Afrikaans

Flowers pressed between the pages of a holy book

MonsieurIbrahim

PRECIOUS objects, fragile dreams: Dawid Minnaar in Monsieur Ibrahim en die blomme van die Koran. Photograph by Hans van der Veen.

THE JOHANNESBURG NIGHT may feel replete with hidden dangers; the world’s become a depressing place where money is always too tight to mention and challenges are plenty and big. But as soon as Dawid Minnaar gently steps between the paper flowers that fill the theatre space, magic is cast, and everything else slips into abeyance. Monsieur Ibrahim en die blomme van die Koran is a whimsical Afrikaans-language tale of history and prejudice, violence and beauty, the likes of which this city’s theatre audiences have not seen for a long time.

Coupled with language so magnificent in its detail and internal rhythms and a set made of paper that will set your heart on fire with its gentle sense of fantasy, this is a flawless piece which will goad you to remember the value of love and the wonder of spinning Dervishes. It’s a glorious monodrama which brings life, the universe and everything into a small area of conviviality in France between a Jewish teenager called MoMo and the local grocer, who is a Sufi Muslim, with many stories and lots of knowledge.

It’s a yarn about shocking loss and surprising gain, about the magic of travel and the meaning of trains. It’s one that enables Minnaar to hold you in the palm of his hand as he takes you from Paris to Istanbul, on a rip-roaring adventure that might evoke Salman Rushdie’s magic realism from his work such as Haroun and the Sea of Stories.

Monsieur Ibrahim is about the discrepancy between Muslim and Jew and the way in which a youngster may gravitate beyond the reaches of biological parents to a mentor of a different stripe. The language is crisp and fine, and if you know a little Afrikaans, by the third paragraph of the work, you’ve forgotten you’re listening to a language which is not your mother tongue. Above all, it’s a tale about letting go, featuring delicate and robust flowers of paper that are magical and utilitarian all at once.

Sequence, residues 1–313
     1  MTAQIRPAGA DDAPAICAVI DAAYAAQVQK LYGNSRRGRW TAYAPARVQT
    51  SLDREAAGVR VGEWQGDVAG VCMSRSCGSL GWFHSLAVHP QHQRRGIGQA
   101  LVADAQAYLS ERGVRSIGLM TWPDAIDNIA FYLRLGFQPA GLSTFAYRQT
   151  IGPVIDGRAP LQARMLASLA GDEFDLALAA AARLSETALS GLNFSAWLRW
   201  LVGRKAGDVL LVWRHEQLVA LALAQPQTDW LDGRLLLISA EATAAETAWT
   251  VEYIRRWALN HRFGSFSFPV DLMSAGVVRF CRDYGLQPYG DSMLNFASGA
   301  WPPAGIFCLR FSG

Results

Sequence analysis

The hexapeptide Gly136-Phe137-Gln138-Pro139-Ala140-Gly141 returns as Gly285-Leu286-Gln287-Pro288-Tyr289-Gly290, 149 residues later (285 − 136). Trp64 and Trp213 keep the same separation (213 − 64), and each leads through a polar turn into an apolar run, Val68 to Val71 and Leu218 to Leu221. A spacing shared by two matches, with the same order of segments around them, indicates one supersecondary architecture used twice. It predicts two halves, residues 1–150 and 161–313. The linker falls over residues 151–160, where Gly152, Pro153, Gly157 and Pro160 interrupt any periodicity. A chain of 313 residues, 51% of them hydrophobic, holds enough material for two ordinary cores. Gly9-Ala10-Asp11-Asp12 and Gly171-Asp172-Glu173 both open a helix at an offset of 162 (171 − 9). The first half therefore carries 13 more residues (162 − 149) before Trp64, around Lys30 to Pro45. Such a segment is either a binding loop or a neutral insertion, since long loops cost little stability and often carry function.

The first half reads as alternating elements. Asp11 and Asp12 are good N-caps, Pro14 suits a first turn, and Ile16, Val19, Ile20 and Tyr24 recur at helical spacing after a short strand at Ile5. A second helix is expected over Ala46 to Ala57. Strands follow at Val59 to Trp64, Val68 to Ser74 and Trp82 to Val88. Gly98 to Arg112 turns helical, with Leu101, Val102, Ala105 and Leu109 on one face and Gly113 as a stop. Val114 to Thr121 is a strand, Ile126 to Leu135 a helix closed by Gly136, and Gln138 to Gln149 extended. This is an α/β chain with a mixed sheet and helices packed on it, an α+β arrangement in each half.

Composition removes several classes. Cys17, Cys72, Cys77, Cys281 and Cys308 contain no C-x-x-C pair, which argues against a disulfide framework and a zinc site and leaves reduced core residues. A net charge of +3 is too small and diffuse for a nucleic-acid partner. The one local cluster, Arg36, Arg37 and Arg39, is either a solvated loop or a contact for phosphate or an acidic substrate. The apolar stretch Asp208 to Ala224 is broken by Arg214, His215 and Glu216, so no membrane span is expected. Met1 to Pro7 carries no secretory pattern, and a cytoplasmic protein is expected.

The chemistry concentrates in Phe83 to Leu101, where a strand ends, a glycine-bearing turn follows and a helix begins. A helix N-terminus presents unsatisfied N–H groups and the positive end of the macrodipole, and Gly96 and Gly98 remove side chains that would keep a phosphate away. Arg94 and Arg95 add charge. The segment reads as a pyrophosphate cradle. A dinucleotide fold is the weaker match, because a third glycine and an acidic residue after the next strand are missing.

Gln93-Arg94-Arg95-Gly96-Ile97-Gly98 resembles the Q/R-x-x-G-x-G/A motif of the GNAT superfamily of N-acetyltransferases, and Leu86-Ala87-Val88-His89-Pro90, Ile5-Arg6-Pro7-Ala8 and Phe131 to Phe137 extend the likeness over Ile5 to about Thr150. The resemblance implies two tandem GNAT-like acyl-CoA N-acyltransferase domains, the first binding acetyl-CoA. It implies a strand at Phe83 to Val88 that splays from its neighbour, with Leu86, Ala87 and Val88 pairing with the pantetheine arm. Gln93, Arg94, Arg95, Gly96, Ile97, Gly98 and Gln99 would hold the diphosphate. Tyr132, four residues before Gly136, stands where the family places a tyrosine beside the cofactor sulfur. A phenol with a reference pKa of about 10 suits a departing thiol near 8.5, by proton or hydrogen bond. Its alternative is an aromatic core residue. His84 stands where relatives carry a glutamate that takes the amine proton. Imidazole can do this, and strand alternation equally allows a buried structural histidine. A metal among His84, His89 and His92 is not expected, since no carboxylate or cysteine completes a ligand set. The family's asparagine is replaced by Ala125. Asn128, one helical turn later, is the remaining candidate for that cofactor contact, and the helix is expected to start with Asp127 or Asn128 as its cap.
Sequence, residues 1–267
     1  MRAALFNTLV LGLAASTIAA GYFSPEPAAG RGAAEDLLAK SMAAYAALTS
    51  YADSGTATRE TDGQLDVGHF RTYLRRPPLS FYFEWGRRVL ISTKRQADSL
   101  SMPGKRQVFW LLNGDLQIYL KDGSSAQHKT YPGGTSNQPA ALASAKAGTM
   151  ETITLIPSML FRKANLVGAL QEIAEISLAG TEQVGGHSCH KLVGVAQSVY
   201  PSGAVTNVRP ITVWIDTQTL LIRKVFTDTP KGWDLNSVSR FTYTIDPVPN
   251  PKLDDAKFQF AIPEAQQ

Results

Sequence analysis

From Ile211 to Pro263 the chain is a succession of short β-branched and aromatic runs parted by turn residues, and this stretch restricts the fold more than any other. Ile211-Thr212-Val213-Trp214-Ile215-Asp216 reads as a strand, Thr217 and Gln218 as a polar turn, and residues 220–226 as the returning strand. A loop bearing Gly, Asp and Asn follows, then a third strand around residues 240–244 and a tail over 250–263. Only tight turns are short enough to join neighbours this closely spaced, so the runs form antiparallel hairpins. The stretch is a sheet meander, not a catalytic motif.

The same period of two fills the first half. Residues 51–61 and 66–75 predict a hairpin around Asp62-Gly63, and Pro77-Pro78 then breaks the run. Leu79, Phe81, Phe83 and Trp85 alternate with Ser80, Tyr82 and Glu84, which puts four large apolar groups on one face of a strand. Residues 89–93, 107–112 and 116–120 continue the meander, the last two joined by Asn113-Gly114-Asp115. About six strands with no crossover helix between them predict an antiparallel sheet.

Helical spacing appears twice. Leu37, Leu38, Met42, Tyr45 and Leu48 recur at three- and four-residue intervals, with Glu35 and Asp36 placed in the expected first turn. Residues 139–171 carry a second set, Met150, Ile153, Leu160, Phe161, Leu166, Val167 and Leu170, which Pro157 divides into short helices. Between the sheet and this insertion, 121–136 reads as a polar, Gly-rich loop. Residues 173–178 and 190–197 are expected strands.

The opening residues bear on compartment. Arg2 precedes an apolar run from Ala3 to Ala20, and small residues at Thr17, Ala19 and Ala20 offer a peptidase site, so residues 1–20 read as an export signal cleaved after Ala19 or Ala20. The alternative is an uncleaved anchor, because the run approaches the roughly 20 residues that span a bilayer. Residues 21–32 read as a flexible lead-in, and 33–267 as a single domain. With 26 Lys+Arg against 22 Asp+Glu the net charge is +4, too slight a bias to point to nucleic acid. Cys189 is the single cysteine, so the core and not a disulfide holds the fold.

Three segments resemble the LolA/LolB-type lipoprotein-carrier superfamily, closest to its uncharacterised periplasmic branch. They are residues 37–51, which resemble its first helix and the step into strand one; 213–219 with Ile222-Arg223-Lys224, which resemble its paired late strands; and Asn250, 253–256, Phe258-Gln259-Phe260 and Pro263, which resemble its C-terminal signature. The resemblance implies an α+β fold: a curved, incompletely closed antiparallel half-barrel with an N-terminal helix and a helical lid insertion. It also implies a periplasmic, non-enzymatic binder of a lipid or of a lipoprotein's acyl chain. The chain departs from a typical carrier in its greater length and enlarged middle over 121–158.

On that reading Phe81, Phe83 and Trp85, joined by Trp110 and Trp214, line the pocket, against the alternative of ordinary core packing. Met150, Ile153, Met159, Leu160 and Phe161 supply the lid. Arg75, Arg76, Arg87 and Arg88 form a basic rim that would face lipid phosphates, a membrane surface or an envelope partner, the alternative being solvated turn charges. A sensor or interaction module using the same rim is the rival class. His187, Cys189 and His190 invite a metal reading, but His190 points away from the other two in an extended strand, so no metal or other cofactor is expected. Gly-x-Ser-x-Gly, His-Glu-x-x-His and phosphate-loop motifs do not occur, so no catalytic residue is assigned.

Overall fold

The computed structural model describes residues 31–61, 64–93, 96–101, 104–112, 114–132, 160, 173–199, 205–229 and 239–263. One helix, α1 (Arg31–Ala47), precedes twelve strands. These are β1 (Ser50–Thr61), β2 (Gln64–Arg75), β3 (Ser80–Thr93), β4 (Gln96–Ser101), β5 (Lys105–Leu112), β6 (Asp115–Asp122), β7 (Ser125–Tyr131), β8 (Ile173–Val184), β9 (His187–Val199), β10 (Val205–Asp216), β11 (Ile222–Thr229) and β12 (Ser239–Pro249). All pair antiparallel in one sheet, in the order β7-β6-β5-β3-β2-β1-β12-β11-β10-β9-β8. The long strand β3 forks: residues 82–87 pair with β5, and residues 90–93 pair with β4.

It’s a magnificent play which gives meaning to the notion of a different world brought to life with the tweak of a wrist and the whirl of a Dervish. It’s a theatre experience you may never forget.

  • Monsieur Ibrahim en die blomme van die Koran (Monsieur Ibrahim and the flowers of the Koran) is written by Eric-Emmanuel Schmitt and translated into Afrikaans by Naòmi Morgan. Directed and designed by Philip Rademeyer, it is performed by Dawid Minnaar in the Barney Simon Theatre, Market Theatre complex in Newtown, Johannesburg, until September 30. Call 011 832 1641.
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